Of the numerous student groups at the University of Minnesota, the affectionately named Team Diarrhea (Team D) is much more than an extracurricular student group. Unless other extracurricular student groups can claim to have likely saved lives in the course of their activities, that is.
Team D – a group of paid student public health detectives that launched in 1996 – has made national headlines over the past several years for identifying the source of two major Salmonella outbreaks, potentially saving lives in the process. They’ve also worked on a number of other foodborne illness outbreaks of varying magnitude.
Now, the group is receiving even more recognition from one of their biggest fans: U.S. Senator Amy Klobachar.
Last week, Klobuchar partnered with the Minnesota Department of Health and the University of Minnesota to announce that the Minnesota Department of Health, in partnership with the University of Minnesota’s School of Public Health, has been selected by the Centers for Disease Control and Prevention (CDC) to create a Food Safety Center of Excellence to help prevent and respond to foodborne illnesses across the state and beyond.
The Center will provide resources for state and local officials to improve food safety through better detection and investigation of outbreaks of foodborne illness. Klobuchar authored the bipartisan provision, passed into law as part of a larger bill that established Food Safety Centers for Excellence and pushed to ensure they were implemented.
Team D isn’t new to recognition from Klobuchar. She introduced “The Food Safety Rapid Response Act of 2009,” at the School of Public Health and mentioned at that time that she would like to see this successful model become national policy across the country.
It looks like now her wish has come true.
“Minnesota has been a leader in the effort to improve food safety, and today’s announcement means that our state will continue to be on front lines in the fight to keep consumers safe,” Klobuchar said. “Ensuring a rapid response to outbreaks of contaminated food is critical to maintaining public trust in our food supply, and I will continue to work to improve the security of the food on our tables.”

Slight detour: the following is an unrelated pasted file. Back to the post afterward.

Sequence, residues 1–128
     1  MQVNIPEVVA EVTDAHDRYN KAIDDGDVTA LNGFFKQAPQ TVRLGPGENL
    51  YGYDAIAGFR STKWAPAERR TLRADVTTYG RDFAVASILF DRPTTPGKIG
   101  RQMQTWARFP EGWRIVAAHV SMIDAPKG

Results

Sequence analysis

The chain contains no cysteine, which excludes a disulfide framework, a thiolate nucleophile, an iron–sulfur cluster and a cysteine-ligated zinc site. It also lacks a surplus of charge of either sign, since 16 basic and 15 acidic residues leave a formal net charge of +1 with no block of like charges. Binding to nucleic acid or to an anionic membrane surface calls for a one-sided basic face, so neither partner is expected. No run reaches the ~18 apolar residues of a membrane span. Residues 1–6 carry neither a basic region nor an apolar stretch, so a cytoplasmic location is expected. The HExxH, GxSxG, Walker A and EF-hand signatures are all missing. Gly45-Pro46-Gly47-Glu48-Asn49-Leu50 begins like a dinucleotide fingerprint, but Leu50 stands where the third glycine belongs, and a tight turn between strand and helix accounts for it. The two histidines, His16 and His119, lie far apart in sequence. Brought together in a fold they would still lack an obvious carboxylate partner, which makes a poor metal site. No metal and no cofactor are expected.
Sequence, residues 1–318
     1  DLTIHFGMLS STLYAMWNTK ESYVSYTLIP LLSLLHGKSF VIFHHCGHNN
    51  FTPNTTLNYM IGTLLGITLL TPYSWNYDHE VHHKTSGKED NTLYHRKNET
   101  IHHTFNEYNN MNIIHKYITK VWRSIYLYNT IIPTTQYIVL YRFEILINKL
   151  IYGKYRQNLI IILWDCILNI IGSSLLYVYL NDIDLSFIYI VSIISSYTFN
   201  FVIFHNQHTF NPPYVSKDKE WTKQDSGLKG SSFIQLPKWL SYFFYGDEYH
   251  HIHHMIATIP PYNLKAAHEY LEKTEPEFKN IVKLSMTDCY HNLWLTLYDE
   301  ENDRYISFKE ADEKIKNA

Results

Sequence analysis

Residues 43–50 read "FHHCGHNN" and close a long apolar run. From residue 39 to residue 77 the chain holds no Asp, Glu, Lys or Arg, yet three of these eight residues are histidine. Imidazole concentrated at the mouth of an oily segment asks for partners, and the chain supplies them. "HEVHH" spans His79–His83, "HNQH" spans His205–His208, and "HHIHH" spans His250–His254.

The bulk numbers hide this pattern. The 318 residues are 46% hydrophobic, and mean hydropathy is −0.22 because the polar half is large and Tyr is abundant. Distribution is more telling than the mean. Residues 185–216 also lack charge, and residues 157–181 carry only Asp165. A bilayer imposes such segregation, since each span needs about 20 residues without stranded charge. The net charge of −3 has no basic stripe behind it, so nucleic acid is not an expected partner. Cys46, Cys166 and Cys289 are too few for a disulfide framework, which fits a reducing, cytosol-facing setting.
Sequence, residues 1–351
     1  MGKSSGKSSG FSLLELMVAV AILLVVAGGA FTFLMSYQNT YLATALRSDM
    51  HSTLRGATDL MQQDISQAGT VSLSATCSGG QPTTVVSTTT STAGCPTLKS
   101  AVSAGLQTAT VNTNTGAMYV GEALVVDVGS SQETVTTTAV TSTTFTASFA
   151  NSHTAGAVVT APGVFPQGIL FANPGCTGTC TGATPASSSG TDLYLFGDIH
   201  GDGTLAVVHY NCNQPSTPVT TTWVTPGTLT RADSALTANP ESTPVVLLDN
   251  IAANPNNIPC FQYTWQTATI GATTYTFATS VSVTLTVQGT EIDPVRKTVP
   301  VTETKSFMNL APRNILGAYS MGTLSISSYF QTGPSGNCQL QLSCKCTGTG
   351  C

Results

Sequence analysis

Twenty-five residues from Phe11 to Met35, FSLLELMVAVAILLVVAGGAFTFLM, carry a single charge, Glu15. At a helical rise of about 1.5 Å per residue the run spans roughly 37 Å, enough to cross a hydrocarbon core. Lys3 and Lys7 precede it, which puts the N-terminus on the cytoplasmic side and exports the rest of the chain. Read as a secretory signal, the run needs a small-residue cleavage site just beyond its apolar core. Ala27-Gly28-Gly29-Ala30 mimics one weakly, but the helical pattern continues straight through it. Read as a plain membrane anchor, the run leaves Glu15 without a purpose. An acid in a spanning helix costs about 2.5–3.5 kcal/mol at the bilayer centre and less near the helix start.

The Minnesota Model for Food Safety is based on rapid tracking of foodborne illness occurrences and quick investigative work, the plan of action stands out as the paradigm methodology for stopping the spread of food-borne illnesses. The Minnesota Department of Health (MDH) employs the Team D students who work under the direction of its epidemiologists, many of whom are SPH adjunct faculty member.
According to Carlota Medus, Ph.D., a University of Minnesota adjunct professor, SPH alum and state epidemiologist who works with Team D, each case of salmonella and E. coli is considered the first case of a yet unidentified outbreak. The Minnesota Model for Food Safety takes steps to ensure victims, hospitals and the state department all work in conjunction to find the root of the source, which will be shared through the new Centers.
“Because outbreak investigations are the only way to identify new food safety hazards, the Centers will have an important role to play in rapidly identifying and effectively responding to these new threats,” said Craig Hedberg, Ph.D., University of Minnesota School of Public Health Professor in the Division of Environmental Health Sciences.